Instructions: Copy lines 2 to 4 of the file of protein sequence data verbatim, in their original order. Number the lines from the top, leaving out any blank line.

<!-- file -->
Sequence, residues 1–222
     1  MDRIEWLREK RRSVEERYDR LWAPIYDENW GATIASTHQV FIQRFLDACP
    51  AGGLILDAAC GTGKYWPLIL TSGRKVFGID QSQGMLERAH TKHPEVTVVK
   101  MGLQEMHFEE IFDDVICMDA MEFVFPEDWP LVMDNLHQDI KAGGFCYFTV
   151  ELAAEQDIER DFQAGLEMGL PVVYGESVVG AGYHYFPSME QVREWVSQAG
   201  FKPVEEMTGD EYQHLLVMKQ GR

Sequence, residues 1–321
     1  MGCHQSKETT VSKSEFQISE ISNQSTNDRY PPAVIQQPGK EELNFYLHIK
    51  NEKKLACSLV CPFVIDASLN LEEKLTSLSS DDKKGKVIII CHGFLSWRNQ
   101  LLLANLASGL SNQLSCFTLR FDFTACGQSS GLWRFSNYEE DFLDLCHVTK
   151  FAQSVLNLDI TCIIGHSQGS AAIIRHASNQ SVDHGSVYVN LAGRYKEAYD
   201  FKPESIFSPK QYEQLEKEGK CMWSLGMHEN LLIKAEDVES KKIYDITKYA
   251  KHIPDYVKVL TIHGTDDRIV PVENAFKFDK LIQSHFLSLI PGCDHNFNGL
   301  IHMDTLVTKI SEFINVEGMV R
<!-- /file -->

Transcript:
     1  MDRIEWLREK RRSVEERYDR LWAPIYDENW GATIASTHQV FIQRFLDACP
    51  AGGLILDAAC GTGKYWPLIL TSGRKVFGID QSQGMLERAH TKHPEVTVVK
   101  MGLQEMHFEE IFDDVICMDA MEFVFPEDWP LVMDNLHQDI KAGGFCYFTV